- Kyle shot and killed ‘at least 30’ armed looters from the top of the Super Dome in New Orleans shortly after Hurricane Katrina.
- After a verbal altercation in a bar in San Diego, Kyle punched and ‘knocked out’ former Minnesotta Governor, and fellow Navy Seal, Jesse Ventura.
For more detail on these stories, see the article on Kyle on Snopes.com, and the well-written piece for the New Yorker, “In the Crosshairs,” by Nicholas Schmidle. Or, at this point, and thanks to the film’s popularity, simply google Kyle’s name. Something will come up.
While this controversy is indeed something worth discussing, and while Kyle’s life is indeed an interesting story, it is not the focus of this post. Rather, my intentions herein are about the narrative of Kyle’s story, and how we so easily seem to shift these sorts of stories into concepts, overlooking, or even pragmatically ignoring, facts for the sake of legend.
Kyle’s story, or at least the one re-imagined in Eastwood’s film, works as a narrative concept for individuals on both sides of the discussion. On one end, he depicts a national hero, a patriot who willingly gave his life for his country, protected his fellow troops, defeated the enemy at all costs, and who died trying to assist his fellow soldiers suffering from the physical and emotional scars left by the tragedy of war. On the other, he is an example of violence begetting violence, a man obsessed with proving his masculinity, who equally depicts the religious zealotry exemplified by the war in Iraq. But again, I would argue that separating his character into these two depictions once again overlooks the fact that his story is merely a narrative interpretation, one narrative interpretation, of a single point in history. Whether it is true or false, it is a narrative, a story built with and from discourse. Even when mythologized, even when we find ourselves leaning in either direction between promotion and criticism, his story is just a story. His narrative is just a narrative. It is, in each of these interpretations, a conceptual representation, both bumper-stickered and debatable.
Perhaps a better way of making this argument comes from another of Clint Eastwood’s films about war. The leading narrative in Flags of Our Fathers tells the story about how the iconic image of six US soldiers raising a flag on Mt. Suribachi on the island of Iwo Jima was in fact a construction, or if nothing else, a mythologized image used for the advantage of boosting stateside morale. A fiction in the sense that it depicts a second raising, the film chronicles how the image was used by the US Government and promoted by three of the surviving soldiers captured within. No more than three minutes into the film Col. Dave Severance (played by Harve Presnell) makes the following statement:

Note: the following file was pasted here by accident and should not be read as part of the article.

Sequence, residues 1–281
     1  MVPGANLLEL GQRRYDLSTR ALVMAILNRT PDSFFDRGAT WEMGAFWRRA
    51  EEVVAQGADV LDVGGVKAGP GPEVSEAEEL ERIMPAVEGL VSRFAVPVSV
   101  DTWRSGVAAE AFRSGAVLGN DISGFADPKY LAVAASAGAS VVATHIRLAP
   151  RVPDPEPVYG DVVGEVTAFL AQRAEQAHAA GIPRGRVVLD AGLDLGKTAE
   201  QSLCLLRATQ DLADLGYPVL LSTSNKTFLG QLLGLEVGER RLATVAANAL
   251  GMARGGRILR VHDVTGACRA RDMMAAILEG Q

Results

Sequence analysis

What we see and do in war, the cruelty, is unbelievable. But somehow we gotta make some sense of it. To do that, we need an easy-to-understand truth. And damn few words. And if you can get a picture … now, the right picture can win or lose a war.
Whether or not there is any sort of truth to the myth, whether the facts depict a truth that we might quantify in any sort of ‘real’ sense, we need narratives. Even if they present material that for some of us is outrageously fictional, narratives are just as essential to the individuals who use them to define themselves, as they are for us in our own means of self-definition via the ways we interpret them.
In this way, when we see ‘bumper sticker arguments,’ perhaps the better response is not an immediate reaction, such as the Chaplain above seemed to have promoted. Rather, when we see these sorts of images, perhaps we might be better off simply understanding that they represent a narrative, a means with which certain individuals define themselves, either for or against the statements made. Whether we want to simply believe them as true, research the facts within, or work to disprove them, they will always be stories. After all, Chris Kyle now lives solely in legend, but only because he now exists solely as a character within a story; a fate that awaits us all in time. For pragmatic reasons, then, the stories others tell, the stories we tell about them, and the stories we tell of ourselves, work as identifiers, assisting us in making sense of life in our determined search for meaningful fictions.